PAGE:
This animation depicts global surface warming as simulated by NCAR's Community Climate System Model (CCSM) Version 3. It shows the temperature anomalies relative to the end of the 19th century, both over the entire globe and as a global average. The model shows the temporary cooling effects during 5 major volcanic eruptions and estimates future temperature trends based on different amounts of greenhouse gas emissions.

This resource provides an easy-to-read table summary of solutions to decrease anthropogenic releases of CO2 to the atmosphere. The sources in the data set are clickable for a deeper look into the emission source, references, and a list of additional resources.

This video features research conducted at University of Colorado's Institute of Arctic and Alpine Research, which studies isotopes of hydrogen trapped in ice cores to understand climate changes in the past.

This tool provides a summary of daily records broken in several weather parameters (temperature, precipitation, snow fall, snow depth), over various time intervals, in the US and globally.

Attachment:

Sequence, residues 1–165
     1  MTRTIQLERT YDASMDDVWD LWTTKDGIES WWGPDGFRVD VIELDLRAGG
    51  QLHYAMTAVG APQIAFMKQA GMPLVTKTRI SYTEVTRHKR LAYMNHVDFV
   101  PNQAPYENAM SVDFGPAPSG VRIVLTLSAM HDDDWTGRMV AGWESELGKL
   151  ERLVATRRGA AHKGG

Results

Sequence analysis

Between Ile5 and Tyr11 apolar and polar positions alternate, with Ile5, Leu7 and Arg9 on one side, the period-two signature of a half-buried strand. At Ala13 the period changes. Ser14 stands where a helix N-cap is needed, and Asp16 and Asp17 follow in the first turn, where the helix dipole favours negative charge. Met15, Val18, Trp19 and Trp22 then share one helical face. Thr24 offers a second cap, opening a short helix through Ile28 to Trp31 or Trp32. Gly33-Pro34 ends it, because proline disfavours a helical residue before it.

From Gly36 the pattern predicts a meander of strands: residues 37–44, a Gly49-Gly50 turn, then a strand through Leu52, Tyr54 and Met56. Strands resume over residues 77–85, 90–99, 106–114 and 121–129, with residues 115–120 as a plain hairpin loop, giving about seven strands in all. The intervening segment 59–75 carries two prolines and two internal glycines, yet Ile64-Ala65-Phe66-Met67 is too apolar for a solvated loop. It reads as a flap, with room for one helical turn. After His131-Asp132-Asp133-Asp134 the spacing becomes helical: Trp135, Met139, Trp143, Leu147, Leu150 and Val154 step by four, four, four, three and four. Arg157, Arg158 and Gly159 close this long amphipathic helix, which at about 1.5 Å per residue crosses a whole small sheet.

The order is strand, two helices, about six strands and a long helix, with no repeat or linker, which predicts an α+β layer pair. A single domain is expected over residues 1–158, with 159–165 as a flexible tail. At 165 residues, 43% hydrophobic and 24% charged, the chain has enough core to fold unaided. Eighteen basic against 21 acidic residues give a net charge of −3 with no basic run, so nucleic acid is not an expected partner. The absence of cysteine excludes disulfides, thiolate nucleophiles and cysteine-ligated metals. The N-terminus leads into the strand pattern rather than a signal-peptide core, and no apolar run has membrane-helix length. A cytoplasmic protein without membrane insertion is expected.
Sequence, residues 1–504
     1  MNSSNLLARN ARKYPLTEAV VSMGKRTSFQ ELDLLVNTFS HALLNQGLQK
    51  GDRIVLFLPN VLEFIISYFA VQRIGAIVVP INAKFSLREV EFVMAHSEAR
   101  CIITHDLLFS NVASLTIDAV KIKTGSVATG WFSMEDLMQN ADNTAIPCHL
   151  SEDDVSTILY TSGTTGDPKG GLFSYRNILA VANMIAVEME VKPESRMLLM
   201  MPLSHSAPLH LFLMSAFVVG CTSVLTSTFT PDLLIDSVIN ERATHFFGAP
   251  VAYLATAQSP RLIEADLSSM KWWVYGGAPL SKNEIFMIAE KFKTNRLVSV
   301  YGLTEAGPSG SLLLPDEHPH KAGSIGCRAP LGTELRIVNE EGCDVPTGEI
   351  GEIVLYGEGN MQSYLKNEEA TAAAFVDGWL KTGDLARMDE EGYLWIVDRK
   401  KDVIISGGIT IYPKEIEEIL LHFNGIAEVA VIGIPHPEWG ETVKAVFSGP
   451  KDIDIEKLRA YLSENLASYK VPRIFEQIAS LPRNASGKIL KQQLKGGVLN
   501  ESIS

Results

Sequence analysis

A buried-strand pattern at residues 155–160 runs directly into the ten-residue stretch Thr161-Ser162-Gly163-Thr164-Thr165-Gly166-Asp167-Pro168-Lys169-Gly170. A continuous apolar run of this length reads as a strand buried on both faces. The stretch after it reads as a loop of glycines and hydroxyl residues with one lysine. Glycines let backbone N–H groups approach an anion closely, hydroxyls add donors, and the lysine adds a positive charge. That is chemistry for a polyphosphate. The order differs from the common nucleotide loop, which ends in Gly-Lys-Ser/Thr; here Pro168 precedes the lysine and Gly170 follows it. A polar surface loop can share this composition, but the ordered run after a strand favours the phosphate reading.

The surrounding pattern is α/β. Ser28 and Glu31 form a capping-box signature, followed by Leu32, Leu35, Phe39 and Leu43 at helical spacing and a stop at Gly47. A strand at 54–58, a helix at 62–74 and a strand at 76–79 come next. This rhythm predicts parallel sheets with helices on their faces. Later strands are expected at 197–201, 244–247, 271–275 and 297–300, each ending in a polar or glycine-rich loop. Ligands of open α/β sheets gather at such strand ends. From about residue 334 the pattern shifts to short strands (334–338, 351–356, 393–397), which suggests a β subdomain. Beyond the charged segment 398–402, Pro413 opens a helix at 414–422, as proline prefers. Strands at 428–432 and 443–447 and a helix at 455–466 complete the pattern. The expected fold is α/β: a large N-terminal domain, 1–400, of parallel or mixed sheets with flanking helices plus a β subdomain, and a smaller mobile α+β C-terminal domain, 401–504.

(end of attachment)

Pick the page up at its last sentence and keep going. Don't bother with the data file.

This web page from the National Snow and Ice Data Center contains two related visualizations and supporting information about them. The first visualization gives an estimate of the percent contribution to sea level change since the 1990s from three contributors - small glaciers and ice caps, the Greenland Ice Sheet and the Antarctic Ice Sheet. The second visualization shows the cumulative contribution to sea level from small glaciers and ice caps plotted with the annual global surface air temperature anomaly.

This is a extensive collection of maps, data, and tools that students can use to research drought and its impacts on agriculture, wildfires, water supply, vegetation, soil moisture, temperature and precipitation.

In this interactive simulation, students can explore global CO2 emissions displayed by different continents/countries and plotted based on the GDP. A map view is also accessible.

This color-coded map displays a progression of changing five-year average global surface temperatures anomalies from 1880 through 2010. The final frame represents global temperature anomalies averaged from 2006 to 2010. The temperature anomalies are computed relative to the base period 1951-1980.

In this video scientists discuss possible rates of sea level rise, storms and resulting damage, rising temperatures and melting ice, and their collective effects on ecosystems.

This site provides a useful set of graphical representations of mean temperature change in different land/ocean surfaces over the past 120+ years.

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